RedShark: What are the main artistic reasons for working in higher-than 4K resolutions?
Flexibility in post production is a big factor if the project calls for it but the overall image quality is what has attracted me to the platform of shooting in greater than 4K on the RED Weapon. There is a quality to the image that comes alive at the higher resolution that gets captured in camera that plays well with the color space that the 6K RED Dragon sensor offers. I think as we have begun to move quickly from shooting on film to digital, preserving an image that has a high resolution quality for theatrical release is extremely important. As we move further into bringing higher resolution quality to home viewing and with the release of 4K television, we want to be prepared for what the audience expects to see as the technology grows. It preserves our art for a long time and allows us to stay ahead of what is coming in the future.
And what are the technical advantages of working in super-high resolutions?
The quality of these digital sensors provide much more than a technical advantage, but an artistic advantage as well. From a technical side, sure, we can "future proof" the quality by mastering in 4K UHD and releasing in 1080p today only to re-release our films in 4K UHD years later without having to scale the resolution where we lose quality over the image. I point out the artistic advantage because I'm able to light scenes with less light, using more natural sources if I need to, but at the same time, with the RED Weapon, I am able to light as if I am shooting film. There are very similar ratios to my lighting style and being able to bring that to life allows me to paint the picture in more ways than every before.
How do you plan a super high resolution shoot (ie how is it different from (say) a 4K one?)
Most of the time, I'm shooting in 5K to stay within the Super 35 sensor, which is what is most common these days. Having the ability to go to 6K if we need to quickly get a little wider or if we want to stabilize in post-production has become a huge advantage. In some projects, we're starting to bring in a lot more VFX, so having the added resolution makes a big difference with our VFX team, giving them a larger canvas to work with.
Shane Hurlbut, ASC
Do you think that the availability of reliable storage has kept pace with increases in resolution?
Yes. Absolutely, yes. Storage options increase everyday. I work closely with G-Tech products and they have become a standard on set for many years. What has begun to happen is every company that makes drives and has to work harder to keep up, to challenge each other to make better and more efficient products. My DITs and Producers in post-production are telling me constantly where we have been heading with the speed of the technology, without having to sacrifice reliability. We're shooting on little hard drives now, not just backing up to them. From the time we hit record on the camera to the time it's sent to the theater, it is starting to be all digital hard drives through the process and it has become incredibly safe and fast over the years.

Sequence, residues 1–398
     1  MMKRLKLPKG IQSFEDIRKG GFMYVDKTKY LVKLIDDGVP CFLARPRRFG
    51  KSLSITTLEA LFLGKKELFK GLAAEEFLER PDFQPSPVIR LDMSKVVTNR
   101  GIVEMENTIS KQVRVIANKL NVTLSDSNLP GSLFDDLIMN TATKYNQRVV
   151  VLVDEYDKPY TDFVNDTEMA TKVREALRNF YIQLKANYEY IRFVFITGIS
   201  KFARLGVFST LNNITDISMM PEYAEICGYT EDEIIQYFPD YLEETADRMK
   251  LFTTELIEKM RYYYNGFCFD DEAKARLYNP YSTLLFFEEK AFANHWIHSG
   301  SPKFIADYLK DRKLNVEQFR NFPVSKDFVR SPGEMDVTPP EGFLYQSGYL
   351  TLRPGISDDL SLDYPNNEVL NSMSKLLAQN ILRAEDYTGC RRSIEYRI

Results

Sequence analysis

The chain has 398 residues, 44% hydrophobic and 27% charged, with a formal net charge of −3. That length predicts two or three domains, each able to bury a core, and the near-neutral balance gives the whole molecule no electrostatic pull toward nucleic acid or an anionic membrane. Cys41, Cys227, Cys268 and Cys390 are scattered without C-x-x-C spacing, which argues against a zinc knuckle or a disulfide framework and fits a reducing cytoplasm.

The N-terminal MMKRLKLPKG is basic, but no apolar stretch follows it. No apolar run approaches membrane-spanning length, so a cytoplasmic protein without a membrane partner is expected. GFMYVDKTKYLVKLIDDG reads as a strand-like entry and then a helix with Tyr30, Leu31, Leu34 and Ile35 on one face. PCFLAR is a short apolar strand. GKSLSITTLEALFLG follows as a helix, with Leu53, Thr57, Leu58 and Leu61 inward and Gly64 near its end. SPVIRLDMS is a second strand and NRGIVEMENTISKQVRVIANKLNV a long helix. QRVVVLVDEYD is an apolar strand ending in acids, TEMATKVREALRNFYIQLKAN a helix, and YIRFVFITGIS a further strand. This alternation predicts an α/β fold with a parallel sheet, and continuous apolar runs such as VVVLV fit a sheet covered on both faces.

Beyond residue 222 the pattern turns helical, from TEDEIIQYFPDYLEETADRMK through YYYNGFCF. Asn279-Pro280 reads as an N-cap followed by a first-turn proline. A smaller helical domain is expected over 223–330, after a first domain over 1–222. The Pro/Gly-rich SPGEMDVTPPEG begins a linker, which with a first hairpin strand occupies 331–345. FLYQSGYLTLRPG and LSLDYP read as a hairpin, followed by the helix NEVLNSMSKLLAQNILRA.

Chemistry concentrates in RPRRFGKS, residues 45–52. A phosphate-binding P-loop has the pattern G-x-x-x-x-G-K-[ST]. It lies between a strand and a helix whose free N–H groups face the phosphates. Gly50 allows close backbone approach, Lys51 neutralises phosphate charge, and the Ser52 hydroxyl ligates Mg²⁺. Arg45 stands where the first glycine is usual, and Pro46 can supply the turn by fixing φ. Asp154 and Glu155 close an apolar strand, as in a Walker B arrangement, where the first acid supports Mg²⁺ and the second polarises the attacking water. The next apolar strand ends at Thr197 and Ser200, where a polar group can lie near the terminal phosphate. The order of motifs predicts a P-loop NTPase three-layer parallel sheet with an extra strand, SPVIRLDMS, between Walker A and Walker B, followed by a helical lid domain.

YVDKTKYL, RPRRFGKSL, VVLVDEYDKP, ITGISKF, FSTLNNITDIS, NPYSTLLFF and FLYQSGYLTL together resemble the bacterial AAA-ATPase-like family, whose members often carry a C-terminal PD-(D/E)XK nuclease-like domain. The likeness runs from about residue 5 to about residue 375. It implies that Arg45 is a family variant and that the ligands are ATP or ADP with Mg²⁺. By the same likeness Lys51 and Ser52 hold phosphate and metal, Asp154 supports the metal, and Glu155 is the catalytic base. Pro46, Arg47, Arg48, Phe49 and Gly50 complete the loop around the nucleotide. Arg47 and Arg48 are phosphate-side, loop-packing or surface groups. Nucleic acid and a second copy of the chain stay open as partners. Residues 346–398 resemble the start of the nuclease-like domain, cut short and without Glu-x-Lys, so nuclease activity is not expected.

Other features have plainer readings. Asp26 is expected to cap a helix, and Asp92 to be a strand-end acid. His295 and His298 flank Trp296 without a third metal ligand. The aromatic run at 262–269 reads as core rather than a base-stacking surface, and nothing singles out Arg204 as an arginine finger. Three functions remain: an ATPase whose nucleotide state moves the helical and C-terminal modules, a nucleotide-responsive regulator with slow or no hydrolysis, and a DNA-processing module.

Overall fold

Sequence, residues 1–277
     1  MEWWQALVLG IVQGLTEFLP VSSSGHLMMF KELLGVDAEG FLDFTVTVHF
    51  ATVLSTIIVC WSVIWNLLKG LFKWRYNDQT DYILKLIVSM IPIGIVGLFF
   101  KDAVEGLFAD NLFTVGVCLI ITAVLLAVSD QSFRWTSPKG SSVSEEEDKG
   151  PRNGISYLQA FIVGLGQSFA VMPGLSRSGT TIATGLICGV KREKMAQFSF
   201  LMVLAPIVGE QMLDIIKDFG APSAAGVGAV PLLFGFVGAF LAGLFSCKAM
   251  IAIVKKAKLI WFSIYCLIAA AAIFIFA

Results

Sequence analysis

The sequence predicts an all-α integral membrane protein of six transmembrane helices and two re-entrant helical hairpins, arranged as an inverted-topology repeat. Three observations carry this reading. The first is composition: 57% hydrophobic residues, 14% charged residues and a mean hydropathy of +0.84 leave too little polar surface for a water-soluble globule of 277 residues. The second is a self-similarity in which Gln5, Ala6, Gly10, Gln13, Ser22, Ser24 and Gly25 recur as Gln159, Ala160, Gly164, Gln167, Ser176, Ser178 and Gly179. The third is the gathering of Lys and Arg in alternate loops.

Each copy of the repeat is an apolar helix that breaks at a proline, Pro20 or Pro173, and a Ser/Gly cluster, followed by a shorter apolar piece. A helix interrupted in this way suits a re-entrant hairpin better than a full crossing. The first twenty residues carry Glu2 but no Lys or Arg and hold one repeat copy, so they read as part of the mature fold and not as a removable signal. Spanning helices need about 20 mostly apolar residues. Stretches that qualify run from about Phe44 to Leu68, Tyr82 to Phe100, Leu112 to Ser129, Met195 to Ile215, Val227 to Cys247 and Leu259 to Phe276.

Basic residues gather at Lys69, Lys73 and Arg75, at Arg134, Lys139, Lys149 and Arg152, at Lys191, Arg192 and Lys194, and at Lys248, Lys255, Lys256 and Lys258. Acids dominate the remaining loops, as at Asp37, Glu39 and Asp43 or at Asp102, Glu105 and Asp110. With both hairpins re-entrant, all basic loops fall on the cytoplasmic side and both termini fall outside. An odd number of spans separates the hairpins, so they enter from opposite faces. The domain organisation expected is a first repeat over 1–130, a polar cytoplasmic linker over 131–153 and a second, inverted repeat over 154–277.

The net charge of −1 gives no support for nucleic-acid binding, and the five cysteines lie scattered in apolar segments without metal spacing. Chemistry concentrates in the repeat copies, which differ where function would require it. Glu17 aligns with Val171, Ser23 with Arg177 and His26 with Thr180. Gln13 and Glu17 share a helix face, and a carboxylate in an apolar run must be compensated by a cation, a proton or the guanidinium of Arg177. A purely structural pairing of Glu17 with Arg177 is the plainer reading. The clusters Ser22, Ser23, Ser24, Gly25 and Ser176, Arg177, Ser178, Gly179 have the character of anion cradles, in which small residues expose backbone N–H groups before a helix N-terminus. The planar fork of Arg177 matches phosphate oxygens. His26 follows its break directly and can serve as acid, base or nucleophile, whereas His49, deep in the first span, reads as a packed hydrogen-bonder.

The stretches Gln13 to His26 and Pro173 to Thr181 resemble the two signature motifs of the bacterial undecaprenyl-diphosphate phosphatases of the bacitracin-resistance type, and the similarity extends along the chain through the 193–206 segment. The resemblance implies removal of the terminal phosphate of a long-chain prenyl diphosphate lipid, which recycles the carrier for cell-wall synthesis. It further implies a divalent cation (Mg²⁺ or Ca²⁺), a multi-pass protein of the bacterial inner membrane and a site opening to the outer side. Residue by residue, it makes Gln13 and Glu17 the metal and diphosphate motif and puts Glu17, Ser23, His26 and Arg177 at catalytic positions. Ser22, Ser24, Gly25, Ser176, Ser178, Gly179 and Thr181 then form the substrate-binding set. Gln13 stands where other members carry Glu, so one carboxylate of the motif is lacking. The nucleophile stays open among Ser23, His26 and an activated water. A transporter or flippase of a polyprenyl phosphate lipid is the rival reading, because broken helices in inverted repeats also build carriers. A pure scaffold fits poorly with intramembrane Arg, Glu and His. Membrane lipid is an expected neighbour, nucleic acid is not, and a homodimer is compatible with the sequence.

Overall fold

What do you like about shooting with RED?
The color space is what I love. The RED sensor has such a soft and beautiful feel. The skin tones are just incredible. RED really knocked it out of the park with this camera. My images come alive, bringing the characters to life. It lets me feel like the camera is a character, which I feel was missing for a long time in the digital world
What makes you want to use G-Technology storage on a high-res shoot?
Speed, performance and reliability. I feel you can have all 3 of those with G-Tech products. When I know production has put aside to get the DIT a set of G-RAIDs for the project, I am not worried about losing our footage. It's like a security blanket on set. There was a long time when we first started shooting digital and drives were just becoming popular to use on set and it was a nightmare. We would lose days sometimes if we weren't careful. The wonderful thing about G-Tech is that their brand has become synonymous with reliable performance. Even if the producers don't know anything technical, they know that G-Tech drives are what the camera department wants, because they're always asked to buy them.
Thanks for the insights, Shane!
Shane Hurlbut, ASC is a world-renowned cinematographer whose films include Terminator: Salvation, Need for Speed, and, most recently, AMC’s Into the Badlands.